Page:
Wi-Fi Hotspot Safety and Mac Viruses
I have had a little disagreement with my IT guy. He says that when taking my laptop out in public, I should never type anything with passwords or confidential information. He says that someone can pick up my information. I say that I can’t believe that everyone in public is totally exposed. There must be some way to protect yourself while on a public network. Who is right?
There’s no single correct answer. It’s true that thieves in public places can and do steal passwords and other sensitive information transferred over public Wi-Fi hotspots. But it’s also true that methods like Virtual Private Networks can mitigate this problem, and that most public hotspots are, just by the odds, unlikely to harbor these thieves at any one time. However, my advice is to avoid doing any sensitive tasks, like banking or stock trading, while using public hotspots. And, if you’re doing anything confidential on your company or home network remotely, use a VPN, which is like a secure tunnel through the internet.
I recently purchased a new iMac and am considering installing anti-virus/spyware/malware programs on it. Reader forums in MacWorld magazine say it’s not needed. A local newspaper computer columnist says he’s had Macs since the early ’80s and has never run an AV program and has had no problems. Other online computer advisers say Macs are always vulnerable and advise to run AV programs. Any recommendations here?
No computer is inherently invulnerable to malicious software, and that includes the Macintosh. However, nearly every malicious program known is meant to run on Windows and simply won’t operate on the Mac operating system. The handful of Mac viruses and other malware that have been discovered are either proofs of concept, or have spread to very few users and done little or no damage. Most Mac users I’ve known don’t run third-party security software and haven’t had malware problems. So I don’t routinely recommend Mac security software.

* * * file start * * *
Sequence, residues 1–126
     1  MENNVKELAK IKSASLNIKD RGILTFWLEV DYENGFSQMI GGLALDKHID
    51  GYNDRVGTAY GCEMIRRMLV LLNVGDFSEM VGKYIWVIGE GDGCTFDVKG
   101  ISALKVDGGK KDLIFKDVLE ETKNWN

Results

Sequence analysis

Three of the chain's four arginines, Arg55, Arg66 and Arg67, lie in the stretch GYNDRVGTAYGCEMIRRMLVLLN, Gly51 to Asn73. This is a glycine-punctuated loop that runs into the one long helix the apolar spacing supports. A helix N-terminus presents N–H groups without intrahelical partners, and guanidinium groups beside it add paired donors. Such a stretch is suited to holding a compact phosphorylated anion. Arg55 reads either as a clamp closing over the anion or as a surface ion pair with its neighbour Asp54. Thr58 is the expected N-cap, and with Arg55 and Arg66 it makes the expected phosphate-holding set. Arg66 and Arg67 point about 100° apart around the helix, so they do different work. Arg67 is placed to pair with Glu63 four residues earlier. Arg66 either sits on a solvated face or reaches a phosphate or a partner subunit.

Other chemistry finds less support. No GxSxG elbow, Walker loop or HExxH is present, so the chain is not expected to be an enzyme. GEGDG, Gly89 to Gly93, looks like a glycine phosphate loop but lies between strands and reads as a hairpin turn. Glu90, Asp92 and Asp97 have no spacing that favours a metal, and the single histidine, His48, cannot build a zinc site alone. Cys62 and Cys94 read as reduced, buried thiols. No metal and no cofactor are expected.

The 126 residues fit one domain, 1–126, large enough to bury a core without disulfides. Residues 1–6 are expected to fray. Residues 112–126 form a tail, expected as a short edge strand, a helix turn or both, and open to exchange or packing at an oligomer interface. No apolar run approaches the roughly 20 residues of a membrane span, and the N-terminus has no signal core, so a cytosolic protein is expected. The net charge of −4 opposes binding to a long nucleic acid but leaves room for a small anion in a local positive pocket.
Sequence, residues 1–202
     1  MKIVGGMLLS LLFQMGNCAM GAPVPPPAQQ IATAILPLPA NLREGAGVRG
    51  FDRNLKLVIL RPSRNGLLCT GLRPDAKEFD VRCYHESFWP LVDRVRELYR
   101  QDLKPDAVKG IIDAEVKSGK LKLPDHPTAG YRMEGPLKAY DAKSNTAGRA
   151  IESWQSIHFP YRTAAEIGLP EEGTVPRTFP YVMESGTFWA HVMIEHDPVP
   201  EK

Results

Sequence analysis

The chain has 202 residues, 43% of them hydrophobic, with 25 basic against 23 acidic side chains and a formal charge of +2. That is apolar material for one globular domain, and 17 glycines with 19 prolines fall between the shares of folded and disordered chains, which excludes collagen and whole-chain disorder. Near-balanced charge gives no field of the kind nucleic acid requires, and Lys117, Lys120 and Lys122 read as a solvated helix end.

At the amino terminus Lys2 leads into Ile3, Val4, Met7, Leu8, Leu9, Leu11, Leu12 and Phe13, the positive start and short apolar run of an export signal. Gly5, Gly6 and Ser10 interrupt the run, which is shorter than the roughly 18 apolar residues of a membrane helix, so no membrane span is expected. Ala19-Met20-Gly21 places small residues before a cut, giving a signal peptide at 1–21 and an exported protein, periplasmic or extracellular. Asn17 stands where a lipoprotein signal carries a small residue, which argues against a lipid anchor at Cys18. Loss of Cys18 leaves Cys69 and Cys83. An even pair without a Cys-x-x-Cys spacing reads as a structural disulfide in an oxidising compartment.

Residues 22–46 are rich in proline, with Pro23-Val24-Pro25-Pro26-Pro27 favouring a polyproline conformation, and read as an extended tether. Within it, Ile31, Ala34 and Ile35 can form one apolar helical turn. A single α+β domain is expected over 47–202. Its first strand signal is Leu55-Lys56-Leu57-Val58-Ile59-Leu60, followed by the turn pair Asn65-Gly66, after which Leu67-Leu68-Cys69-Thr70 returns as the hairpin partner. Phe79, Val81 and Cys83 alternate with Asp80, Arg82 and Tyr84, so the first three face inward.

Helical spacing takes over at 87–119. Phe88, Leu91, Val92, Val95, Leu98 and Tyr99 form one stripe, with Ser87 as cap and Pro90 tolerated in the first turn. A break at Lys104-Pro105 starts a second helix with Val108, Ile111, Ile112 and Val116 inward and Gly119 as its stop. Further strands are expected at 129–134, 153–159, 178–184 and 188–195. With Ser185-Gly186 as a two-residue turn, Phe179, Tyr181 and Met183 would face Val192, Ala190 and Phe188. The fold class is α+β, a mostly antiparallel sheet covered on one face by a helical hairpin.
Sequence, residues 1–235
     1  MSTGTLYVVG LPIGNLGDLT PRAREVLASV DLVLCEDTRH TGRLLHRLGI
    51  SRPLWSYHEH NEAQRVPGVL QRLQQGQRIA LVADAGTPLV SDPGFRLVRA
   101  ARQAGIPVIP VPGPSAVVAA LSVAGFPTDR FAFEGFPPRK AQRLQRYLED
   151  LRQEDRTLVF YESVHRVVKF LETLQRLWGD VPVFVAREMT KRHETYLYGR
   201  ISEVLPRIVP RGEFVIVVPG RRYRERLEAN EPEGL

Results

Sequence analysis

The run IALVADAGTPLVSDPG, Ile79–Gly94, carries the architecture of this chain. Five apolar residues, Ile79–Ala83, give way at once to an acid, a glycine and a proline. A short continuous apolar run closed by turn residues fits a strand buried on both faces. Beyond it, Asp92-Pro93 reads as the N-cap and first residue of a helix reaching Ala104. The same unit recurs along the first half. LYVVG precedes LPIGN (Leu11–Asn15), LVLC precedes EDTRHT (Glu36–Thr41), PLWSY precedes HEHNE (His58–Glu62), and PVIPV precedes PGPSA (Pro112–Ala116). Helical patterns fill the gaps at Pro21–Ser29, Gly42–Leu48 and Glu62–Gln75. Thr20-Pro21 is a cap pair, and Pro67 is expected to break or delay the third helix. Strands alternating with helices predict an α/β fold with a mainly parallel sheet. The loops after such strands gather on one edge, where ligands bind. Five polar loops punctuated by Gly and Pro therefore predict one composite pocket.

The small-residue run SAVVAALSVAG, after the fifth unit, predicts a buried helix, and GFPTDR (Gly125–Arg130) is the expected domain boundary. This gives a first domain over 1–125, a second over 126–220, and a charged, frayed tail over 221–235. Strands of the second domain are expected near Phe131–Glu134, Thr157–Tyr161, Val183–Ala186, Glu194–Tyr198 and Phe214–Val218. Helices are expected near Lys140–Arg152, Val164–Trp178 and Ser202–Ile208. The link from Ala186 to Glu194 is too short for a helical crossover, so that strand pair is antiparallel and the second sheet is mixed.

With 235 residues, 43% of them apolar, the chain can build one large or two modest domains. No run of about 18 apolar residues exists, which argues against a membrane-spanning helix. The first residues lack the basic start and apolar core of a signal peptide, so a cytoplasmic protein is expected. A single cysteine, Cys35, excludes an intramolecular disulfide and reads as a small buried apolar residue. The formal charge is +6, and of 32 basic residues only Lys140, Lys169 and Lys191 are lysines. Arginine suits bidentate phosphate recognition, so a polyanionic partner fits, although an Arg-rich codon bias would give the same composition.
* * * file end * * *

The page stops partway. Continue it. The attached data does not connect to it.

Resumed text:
There are two caveats, however. If you are running Windows on your Mac, you should install Windows security software, to run while Windows is in use. Also, Mac users are just as vulnerable as Windows users are to online scams, or to insecure public networks. So, even though you may never get a virus, you still have to be careful about doing sensitive Internet tasks via public hotspots or careless behavior like clicking on links sent you by unknown email senders.
My car has an audio jack that integrates any input into the sound system. I know that Kindle has a text-to-speech feature. Would I be able to use that feature via the audio jack in the car?
Without having tested your car’s input jack, I assume the answer is yes. The Kindle has a standard headphone jack.
However, note that the text-to-speech feature works only on certain books, not all of them. Publishers have the right to allow or disallow it for any book.
Also, even if it’s enabled, it isn’t the same as an audio book, which is usually read by a trained narrator or by the author. Instead, it’s a computer doing the reading.
You can find Mossberg’s Mailbox and my other columns at the All Things Digital website, http://walt.allthingsd.com.